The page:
Using Copyright Law To Silence Critics

This story seems like a big deal, no?  

Universal Music Group has abandoned its attempt to silence syndicated conservative columnist Michelle Malkin for her online criticism of one of the label’s controversial artists, the Electronic Frontier Foundation said Monday.

Earlier this month, Universal filed a copyright notice regarding a recent episode of Malkin’s online video in which she called hip-hop star Akon a “misogynist.” She supported her claims with excerpts from his songs and video clips of him with a teenage girl at a Trinidad nightclub.

EFF said Malkin’s video, which was posted on YouTube, was legally protected “fair use” and fought a takedown notice from Universal on her behalf. The video has been put back online.

EFF Senior Staff Attorney Kurt Opsahl called the label’s copyright claim “bogus” and said the company misused a 2001 copyright law. “Shame on any copyright holder who would attempt to use the DMCA [Digital Millennium Copyright Act] to intimidate and silence critics,” Malkin said in a statement.

Malkin, a shrill right-winger with a huge following, doesn’t fit the stereotype of Internet Hero; perhaps that’s why her case didn’t become the cause célèbre that, on the merits, it should be.  It’s chilling that a global media conglomerate would seek to use copyright law — the ill-advised Digital Millennium Copyright Act that Congress passed unanimously in 1998 — to deprive a critic of the weapon of quotation.  

In a piece comparing the Malkin case with a case involving gossip blogger Perez Hilton, FindLaw’s Julie Hilden sheds some light on the legal issues:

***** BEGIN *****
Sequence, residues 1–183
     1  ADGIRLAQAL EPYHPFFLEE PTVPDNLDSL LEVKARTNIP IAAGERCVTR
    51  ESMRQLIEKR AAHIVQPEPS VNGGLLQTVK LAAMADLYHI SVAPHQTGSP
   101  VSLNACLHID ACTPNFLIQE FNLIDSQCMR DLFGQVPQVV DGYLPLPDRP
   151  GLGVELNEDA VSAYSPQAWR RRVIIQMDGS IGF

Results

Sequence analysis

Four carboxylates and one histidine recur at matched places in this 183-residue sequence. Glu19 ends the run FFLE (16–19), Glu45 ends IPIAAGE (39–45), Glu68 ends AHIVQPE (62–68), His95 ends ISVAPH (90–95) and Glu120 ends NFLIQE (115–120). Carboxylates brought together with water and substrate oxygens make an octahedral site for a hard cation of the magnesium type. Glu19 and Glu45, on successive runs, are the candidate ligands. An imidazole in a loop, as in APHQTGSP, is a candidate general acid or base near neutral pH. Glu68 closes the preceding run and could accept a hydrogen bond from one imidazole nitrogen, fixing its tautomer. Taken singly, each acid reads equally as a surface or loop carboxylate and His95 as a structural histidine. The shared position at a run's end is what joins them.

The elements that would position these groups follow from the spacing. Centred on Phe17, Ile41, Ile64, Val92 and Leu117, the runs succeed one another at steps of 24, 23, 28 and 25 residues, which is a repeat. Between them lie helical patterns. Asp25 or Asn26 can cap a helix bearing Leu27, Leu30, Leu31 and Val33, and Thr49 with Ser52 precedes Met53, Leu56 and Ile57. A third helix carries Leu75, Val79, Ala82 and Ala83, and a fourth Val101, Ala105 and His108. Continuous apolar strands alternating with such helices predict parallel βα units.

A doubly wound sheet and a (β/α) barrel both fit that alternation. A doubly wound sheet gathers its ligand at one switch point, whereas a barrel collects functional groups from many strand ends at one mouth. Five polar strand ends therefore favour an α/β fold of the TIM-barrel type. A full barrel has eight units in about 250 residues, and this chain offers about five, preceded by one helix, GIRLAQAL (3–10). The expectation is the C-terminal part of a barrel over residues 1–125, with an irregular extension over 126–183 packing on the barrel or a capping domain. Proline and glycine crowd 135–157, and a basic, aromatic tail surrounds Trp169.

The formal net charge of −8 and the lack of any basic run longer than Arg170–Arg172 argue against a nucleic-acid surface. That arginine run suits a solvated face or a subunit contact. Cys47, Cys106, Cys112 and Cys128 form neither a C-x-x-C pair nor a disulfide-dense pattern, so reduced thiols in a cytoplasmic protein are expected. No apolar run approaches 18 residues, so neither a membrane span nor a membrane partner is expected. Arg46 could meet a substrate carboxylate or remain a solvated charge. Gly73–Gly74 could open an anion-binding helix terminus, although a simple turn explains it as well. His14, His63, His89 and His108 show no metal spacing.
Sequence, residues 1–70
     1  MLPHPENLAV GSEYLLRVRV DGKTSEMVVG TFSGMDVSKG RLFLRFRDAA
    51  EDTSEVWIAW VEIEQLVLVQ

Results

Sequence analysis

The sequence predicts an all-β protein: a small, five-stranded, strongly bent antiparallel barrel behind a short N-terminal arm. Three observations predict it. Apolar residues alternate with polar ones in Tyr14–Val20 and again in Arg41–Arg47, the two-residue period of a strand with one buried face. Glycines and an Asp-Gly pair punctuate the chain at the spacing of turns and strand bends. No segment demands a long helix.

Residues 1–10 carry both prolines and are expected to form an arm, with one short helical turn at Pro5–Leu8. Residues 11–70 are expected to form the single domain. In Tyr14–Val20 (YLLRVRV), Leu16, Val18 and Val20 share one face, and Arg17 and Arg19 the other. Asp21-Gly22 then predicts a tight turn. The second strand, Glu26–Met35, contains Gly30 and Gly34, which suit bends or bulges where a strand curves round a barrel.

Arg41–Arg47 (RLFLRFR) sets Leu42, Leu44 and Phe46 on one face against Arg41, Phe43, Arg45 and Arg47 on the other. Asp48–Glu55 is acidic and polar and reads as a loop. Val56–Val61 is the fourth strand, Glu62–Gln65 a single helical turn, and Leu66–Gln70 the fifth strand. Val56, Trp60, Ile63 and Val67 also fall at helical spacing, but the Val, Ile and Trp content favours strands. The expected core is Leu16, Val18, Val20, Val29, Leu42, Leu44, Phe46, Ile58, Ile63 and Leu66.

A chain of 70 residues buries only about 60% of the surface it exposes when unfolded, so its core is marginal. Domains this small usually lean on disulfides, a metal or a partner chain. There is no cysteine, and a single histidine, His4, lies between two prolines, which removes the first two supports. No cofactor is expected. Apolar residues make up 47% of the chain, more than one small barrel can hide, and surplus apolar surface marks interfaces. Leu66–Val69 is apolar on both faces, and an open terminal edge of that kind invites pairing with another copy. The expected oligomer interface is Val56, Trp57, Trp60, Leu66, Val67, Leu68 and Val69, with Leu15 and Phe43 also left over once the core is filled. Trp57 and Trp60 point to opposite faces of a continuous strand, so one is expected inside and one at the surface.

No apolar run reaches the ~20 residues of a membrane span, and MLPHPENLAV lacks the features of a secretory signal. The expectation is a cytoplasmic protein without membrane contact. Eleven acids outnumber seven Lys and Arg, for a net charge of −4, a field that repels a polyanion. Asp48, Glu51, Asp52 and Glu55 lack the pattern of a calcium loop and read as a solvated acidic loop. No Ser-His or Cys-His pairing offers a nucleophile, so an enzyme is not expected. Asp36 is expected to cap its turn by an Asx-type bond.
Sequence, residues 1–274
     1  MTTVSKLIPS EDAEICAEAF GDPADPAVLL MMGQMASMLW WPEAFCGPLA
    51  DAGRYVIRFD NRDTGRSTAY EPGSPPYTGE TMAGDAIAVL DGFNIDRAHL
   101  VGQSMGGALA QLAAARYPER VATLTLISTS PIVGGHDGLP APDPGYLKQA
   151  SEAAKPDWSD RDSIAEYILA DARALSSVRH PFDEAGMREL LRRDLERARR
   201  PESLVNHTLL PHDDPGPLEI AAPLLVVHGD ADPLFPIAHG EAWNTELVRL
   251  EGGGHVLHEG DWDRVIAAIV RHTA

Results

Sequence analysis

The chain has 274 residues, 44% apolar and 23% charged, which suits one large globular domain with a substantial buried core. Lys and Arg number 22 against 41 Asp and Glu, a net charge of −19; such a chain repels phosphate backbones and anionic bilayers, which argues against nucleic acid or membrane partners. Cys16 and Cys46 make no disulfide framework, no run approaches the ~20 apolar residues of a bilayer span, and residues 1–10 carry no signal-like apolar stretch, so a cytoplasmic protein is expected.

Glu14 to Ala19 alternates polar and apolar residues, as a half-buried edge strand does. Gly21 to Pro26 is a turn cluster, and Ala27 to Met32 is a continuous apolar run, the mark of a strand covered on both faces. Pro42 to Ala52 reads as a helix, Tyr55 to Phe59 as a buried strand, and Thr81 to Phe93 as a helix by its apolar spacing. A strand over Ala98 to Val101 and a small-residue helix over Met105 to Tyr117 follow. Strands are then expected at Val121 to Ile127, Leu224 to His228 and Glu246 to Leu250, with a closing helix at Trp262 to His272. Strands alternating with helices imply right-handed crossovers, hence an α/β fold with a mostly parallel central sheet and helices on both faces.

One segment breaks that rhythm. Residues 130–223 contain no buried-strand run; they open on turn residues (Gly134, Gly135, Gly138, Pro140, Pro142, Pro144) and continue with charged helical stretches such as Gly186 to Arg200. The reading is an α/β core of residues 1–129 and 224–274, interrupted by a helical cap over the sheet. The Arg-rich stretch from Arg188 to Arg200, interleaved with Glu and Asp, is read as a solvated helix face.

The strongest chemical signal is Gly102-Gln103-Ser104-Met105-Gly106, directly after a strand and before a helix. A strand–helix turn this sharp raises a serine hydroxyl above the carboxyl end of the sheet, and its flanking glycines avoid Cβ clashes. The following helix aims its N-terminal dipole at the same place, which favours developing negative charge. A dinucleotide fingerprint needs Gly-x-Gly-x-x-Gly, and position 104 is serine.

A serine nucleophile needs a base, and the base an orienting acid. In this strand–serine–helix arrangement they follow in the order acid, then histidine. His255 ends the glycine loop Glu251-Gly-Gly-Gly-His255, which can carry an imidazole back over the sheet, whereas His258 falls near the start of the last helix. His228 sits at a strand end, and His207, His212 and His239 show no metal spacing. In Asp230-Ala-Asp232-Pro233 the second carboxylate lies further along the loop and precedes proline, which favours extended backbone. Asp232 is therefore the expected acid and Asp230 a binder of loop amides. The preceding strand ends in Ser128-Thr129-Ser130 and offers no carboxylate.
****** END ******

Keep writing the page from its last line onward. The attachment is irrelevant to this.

Granted, Malkin’s podcast may hurt the market for the Akon video if her listeners end up agreeing with her criticism. But what truly matters is that it’s extremely unlikely that any Akon fan will opt to watch only Malkin’s podcast in lieu of (not in addition to) watching Akon’s music videos or concert video themselves. A podcast criticizing a video is no substitute for the video itself, in the market; it doesn’t provide watchers with anything like the same experience, and thus doesn’t compete with the video itself.


The “fair use” factors are animated and informed by First Amendment concerns, and certainly, the kind of criticism Malkin is providing is strongly protected by the First Amendment. No wonder, then, that UMG backed off, and dropped its challenge.  

The whole thing’s worth reading.

Ironic, isn’t it?  UMG couldn’t make a dime off an obscene, degrading rapper like Akon without the Bill of Rights to protect them.  But the DMCA is like a termite infestation on the First Amendment — and the big media companies put it there.


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